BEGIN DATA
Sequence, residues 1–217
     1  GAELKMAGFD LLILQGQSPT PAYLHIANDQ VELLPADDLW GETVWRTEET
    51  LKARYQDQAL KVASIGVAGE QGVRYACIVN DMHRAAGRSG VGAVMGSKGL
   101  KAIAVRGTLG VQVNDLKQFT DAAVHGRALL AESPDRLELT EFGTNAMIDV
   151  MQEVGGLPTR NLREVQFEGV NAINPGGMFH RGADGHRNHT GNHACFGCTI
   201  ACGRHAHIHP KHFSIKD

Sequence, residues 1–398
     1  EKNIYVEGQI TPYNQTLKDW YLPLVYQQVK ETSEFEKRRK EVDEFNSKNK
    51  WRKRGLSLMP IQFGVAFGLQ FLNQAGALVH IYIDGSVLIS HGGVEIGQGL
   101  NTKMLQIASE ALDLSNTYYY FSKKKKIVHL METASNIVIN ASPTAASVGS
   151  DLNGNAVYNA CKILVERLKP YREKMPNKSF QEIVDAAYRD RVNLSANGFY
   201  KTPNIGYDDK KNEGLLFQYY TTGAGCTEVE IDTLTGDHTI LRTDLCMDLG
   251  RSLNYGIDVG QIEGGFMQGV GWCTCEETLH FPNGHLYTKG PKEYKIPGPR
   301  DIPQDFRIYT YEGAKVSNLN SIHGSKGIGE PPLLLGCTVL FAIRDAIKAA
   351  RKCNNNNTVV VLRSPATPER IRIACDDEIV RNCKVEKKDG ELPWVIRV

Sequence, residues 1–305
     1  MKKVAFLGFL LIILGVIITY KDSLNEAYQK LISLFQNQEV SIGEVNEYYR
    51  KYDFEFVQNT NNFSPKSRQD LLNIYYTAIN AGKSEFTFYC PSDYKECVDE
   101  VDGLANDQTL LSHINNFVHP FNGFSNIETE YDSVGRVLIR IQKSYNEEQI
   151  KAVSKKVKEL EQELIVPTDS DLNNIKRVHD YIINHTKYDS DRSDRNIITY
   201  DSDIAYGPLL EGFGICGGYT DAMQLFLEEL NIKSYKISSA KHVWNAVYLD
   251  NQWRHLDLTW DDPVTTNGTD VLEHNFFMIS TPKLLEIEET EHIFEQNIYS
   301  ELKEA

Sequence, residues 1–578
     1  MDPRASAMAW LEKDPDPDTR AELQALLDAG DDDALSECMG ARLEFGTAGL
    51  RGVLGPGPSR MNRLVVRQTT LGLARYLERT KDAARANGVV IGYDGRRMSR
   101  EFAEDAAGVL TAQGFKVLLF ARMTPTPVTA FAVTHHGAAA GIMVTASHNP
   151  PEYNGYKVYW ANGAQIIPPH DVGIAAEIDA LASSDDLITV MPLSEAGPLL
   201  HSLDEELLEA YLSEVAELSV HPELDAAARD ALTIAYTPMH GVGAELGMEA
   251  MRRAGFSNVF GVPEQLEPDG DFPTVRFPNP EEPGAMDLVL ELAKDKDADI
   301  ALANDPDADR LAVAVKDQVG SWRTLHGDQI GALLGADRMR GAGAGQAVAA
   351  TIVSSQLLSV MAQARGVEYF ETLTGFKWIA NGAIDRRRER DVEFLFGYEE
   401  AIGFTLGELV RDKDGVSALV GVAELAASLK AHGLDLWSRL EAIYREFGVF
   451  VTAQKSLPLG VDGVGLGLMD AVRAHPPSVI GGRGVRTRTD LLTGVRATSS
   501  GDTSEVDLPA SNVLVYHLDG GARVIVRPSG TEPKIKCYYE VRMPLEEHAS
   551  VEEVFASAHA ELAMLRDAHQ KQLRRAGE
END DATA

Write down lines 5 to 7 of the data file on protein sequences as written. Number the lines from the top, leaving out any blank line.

   151  MQEVGGLPTR NLREVQFEGV NAINPGGMFH RGADGHRNHT GNHACFGCTI
   201  ACGRHAHIHP KHFSIKD

Sequence, residues 1–398